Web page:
Golf tourism – Czech that swing

Post to Twitter Post to Facebook Post to Google Buzz Send Gmail

The Czech Republic boasts excellent golf courses, spectacular scenery, great nightlife and a huge dose of Bohemian heritage. Golf travellers looking for a new experience should consider Eastern Europe.

Prague itself has half a dozen courses within easy reach of the city centre and with cheap flights available from Britain’s major airports there’s never been a better time to combine a cultural holiday break with some recreational golf.

The pick of Prague’s courses is Golf Resort Karlštejn – 20 miles out of town. Karlštejn hosted four European Tour Challenge events between 1995 and 1998. But the cream of Czech courses lie away from the capital, some 80 miles west of Prague, in the enchanting West Bohemian spa towns of Mariánské Lázně and Karlovy Vary.

Mariánské Lázně

The spa town of Mariánské Lázně was a favourite haunt of King Edward VII. Even today its elegant promenades and colonnades capture the languid spirit of Bohemia at the turn of the 19th century. It is even possible to visit the King’s private bath and cabin rooms at the magnificent Nove Lázně spa hotel.

King Edward presided over the opening of Mariánské Lázně Golf Club on August 21st, 1905 and it remains today a fine example of 19th century Scottish and Irish golf architecture. The course is set in a pine and maple forest and sits atop an upland plain 787 meters above sea level – the air is as fresh and invigorating as the local spa treatments.   

I played the course in early October when the late summer sun slanting through the rich gold and red leaves left an abiding impression; like watching sunlight rush through stained glass to illuminate a cathedral’s darkened hush.

Karlovy Vary

This 70-year old course stands 6 km outside the picture postcard spa town of Karlovy Vary. The scenic 18-hole par-72 course was designed by Parisian golf architect, Noskowski and was completed in 1933, replacing the original 9-hole course, which was built in 1904 by the ‘Gentleman’s Fencing Club’.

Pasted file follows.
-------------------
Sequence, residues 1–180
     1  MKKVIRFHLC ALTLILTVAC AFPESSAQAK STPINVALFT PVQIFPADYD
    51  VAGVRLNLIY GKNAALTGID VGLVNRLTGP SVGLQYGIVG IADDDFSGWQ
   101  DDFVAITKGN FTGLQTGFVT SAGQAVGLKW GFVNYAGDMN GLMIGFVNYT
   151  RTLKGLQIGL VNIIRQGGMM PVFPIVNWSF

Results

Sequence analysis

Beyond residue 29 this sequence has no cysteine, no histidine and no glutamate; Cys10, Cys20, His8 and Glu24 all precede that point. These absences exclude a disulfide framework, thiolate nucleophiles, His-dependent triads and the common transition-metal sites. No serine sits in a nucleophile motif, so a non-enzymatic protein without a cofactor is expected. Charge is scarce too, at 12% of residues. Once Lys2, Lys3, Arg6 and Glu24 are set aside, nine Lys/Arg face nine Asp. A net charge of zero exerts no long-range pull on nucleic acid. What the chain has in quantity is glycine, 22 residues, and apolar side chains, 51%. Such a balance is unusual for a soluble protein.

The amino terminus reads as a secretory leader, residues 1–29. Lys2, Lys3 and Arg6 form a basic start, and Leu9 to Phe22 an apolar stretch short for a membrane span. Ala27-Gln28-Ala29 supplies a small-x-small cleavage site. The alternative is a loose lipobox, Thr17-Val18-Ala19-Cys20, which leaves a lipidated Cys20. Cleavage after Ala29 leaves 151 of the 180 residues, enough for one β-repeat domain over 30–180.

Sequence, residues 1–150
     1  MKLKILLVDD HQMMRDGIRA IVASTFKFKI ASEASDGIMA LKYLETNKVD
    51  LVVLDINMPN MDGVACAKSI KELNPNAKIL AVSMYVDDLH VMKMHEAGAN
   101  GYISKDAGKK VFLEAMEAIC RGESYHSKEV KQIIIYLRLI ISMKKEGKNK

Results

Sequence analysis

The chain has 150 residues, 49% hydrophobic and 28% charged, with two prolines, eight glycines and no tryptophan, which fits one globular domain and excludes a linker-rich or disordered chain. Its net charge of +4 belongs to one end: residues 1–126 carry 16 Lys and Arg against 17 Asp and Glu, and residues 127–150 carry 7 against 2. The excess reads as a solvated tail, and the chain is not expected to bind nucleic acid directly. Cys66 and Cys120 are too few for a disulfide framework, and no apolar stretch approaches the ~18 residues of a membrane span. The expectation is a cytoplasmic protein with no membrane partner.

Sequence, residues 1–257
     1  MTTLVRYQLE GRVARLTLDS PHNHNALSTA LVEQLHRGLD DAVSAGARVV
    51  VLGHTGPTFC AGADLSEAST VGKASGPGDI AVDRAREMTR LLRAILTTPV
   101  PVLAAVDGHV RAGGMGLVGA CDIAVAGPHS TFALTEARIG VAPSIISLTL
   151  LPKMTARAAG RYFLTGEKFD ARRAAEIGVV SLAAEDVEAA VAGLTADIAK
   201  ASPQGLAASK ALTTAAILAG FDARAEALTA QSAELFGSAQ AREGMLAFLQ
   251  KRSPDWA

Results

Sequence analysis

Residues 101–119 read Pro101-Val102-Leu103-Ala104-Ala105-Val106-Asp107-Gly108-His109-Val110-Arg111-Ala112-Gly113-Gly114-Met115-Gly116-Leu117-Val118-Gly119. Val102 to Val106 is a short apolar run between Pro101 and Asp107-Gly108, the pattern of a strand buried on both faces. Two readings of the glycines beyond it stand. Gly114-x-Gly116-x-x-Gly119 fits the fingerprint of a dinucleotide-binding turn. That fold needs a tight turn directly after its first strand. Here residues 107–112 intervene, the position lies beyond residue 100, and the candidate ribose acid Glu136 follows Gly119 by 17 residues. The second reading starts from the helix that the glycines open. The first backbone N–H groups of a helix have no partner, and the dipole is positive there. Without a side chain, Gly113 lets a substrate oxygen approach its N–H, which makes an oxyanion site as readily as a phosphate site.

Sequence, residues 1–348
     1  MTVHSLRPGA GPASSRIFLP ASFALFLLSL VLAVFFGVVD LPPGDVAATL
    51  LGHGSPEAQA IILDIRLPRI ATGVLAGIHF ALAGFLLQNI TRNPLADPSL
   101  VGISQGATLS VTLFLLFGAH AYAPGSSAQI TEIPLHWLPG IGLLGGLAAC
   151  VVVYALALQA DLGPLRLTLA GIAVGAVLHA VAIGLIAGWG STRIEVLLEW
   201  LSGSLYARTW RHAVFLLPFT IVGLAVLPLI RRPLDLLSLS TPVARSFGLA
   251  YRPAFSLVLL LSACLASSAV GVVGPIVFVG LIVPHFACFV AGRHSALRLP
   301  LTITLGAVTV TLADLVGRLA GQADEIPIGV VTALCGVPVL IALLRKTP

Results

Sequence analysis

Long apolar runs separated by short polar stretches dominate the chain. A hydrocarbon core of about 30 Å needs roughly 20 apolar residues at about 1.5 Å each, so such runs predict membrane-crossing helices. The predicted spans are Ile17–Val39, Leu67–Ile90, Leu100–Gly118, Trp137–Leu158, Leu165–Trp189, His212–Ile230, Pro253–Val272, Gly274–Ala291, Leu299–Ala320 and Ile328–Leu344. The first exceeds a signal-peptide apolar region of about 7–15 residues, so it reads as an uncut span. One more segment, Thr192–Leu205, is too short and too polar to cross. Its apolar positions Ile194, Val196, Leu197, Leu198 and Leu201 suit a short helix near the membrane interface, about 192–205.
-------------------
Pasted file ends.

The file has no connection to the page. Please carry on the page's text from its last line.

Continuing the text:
Like most Czech golf courses Karlovy Vary fell into a state of disrepair following the communist takeover in 1948 – with golf unpopular with the ruling regime. However the course was eventually restored and maintained by a dedicated group of members and was fully renovated in 1997, since which it has hosted the European Mid Amateur Championships.

Today the course is home to a colony of endangered Pouched Marmot and the squirrel-like creatures can be seen scurrying about the course in summer months.   

According to Pro, Luboš Štika, the course is a challenging one. “It is a beautiful course here at Karlovy Vary,” he explains. “We hosted the European Ladies Championship in1999 and the European Championship Senior Golf Associations in 2001 but it is not a course for beginners because there are many challenging holes. It is very enjoyable though.”

When to go

The harsh winters mean that golf is generally restricted to the April-October periods with many clubs closing by the end of October – although some of the courses around Prague remain open longer. But early and late season visitors will find crisp weather and tranquil fairways.